Save a Life (And Save Money) By Adopting a Pet

Pets are the best! Not only do they provide love, companionship and entertainment, but studies have shown that owning a pet is also good for your health and for your quality of life.

They can help reduce your depression, anxiety, stress, blood pressure and cholesterol levels, ease pain, improve your mood, and can help improve children’s development and immunity.  

But owning a pet can also be expensive. Especially with those inevitable vets bills.

It is possible to afford being a pet owner, though. You can save a life and save money by adopting a pet.

The Pets I’ve Adopted

In the last 14 months, my husband and I have adopted 4 cats.

No, we are not “crazy cat people”. We’re just like many other millennials that are opting to adopt pets instead of having kids.


I used to have 2 brother Siamese cats of my own. They had been with me or my family since 1997, which was before I started high school. Sadly, Oreo passed away a few years ago at the age of 18. Then my nearly 21 year old little sidekick, Kit, passed away early last year.

It was the first time in my life that I didn’t have a pet. My heart and our home felt so empty without them.

Save a Life (And Save Money) By Adopting a Pet - My Life, I Guess
Kit and Oreo

Within a few months, we sort of unexpectedly adopted two 3-year-old sister cats, Mac and Charlie. Their previous owner had rescued them from a hoarding situation, but was no longer able to keep them. We were going through a lot at the time, and they brought us some “good” that our lives needed.

Tragically, and completely unknown to us or the previous owner, Charlie was sick. Very sick. She had feline leukemia. We lost her a couple of months ago, after not even a year together.

Save a Life (And Save Money) By Adopting a Pet - My Life, I Guess
Charlie and Mac

Again, we felt that something was missing. We had become accustomed to having 2 cats in our family, and Mac needed a companion.

Originally we were intending to adopt this adorable 1 year old special needs kitten from the shelter. She has spina bifida, no tail and hops like a bunny! But we ended up bringing home her best friend, too.

Meaning we are now a family of 5: me, my husband and our 3 cats – Mac, Nugget and Sketch.

Needless to say, I’m a huge advocate for adopting a pet (or 2)!

Save a Life (And Save Money) By Adopting a Pet - My Life, I Guess
Nugget and Sketch

Save a Life By Adopting a Pet

I’m not here to depress you, but there are far too many unwanted cats, dogs, and other pets in this world. Each year, there are millions of pets that end up in shelters.

Or worse…

Whether you adopt a pet (or two, like us!) from an owner who is no longer willing or able to keep them, or if you adopt through a shelter, you are saving that unwanted animals life by adopting them into your home and into your family.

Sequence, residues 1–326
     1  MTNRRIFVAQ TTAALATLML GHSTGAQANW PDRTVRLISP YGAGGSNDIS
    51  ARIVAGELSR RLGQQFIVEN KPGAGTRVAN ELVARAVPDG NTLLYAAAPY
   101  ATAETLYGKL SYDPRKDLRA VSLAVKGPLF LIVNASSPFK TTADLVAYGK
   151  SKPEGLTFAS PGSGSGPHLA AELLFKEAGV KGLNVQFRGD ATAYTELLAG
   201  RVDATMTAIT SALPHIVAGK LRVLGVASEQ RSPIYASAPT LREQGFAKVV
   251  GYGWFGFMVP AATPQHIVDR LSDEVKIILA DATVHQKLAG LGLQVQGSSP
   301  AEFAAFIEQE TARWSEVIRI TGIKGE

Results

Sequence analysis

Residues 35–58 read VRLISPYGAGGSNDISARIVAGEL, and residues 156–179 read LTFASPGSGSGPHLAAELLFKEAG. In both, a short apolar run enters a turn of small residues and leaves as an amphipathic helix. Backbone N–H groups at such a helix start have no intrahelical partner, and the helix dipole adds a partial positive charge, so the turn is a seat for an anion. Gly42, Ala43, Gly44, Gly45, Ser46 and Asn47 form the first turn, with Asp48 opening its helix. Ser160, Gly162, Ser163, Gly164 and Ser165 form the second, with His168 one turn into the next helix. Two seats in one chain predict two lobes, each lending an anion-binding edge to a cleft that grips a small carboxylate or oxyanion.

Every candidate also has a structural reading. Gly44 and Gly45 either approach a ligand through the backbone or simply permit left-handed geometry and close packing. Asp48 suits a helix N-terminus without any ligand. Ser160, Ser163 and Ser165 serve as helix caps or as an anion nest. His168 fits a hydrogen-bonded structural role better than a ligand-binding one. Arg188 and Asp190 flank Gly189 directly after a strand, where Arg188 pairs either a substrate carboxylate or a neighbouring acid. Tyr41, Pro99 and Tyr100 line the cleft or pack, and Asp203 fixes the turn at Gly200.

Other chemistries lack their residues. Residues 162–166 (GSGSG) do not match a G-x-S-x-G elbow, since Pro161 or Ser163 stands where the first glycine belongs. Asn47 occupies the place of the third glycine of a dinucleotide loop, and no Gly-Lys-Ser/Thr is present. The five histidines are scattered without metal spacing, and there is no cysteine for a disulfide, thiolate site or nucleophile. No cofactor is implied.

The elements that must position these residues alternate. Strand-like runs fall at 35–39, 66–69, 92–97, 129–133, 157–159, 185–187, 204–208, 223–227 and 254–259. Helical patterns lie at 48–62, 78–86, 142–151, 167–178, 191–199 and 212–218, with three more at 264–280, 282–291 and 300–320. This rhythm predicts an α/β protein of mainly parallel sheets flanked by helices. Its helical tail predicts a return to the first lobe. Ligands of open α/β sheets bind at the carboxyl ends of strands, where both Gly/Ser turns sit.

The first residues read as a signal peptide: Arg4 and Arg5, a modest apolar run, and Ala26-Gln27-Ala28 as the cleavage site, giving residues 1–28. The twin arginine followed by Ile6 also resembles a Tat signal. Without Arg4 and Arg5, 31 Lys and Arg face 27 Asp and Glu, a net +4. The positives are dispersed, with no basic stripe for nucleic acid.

Save Even More Lives!

Unfortunately, oftentimes if you buy a pet through a pet store or a breeder, you are supporting puppy or kitten mills. (With the exception of legitimate and responsible breeders who allow you to visit their home or kennels and meet the pet families, of course.)

The conditions that these poor animals live in are horrible. They are neglected, don’t get proper exercise or veterinary care, and often have behavioural and health issues because of it. If people keep supporting these types of places instead of adopting, they will continue to operate.

If you adopt through a shelter, animal rescue or humane society instead, you are financially supporting that organization rather than supporting a puppy or kitten mill.

The adoption fee you pay helps the shelter cover the costs needed to help other animals, and needed to keep their doors open.  

When you adopt, you are also opening up a space in their facility for another animal to (hopefully only temporarily) call home until they too can find their forever family.

Save Money by Adopting a Pet

Save on Fees

Speaking of breeders and adoption fees, have you ever looked into what breeders charge?

The average costs are between $500 and $3,000 but can be closer to $10,000 for certain breeds.

Whereas adoption fees at shelters are generally between $50 – $300.

We originally wanted Siamese cats because my husband is actually allergic to cats. (And thankfully he didn’t have any issues living with my Siamese cats before.) But we have no intention of entering them into shows or becoming breeders ourselves, so having official paperwork was not something we’d need.  

Not to mention that purebred animals often have more health issues and medical needs than mixed breeds do.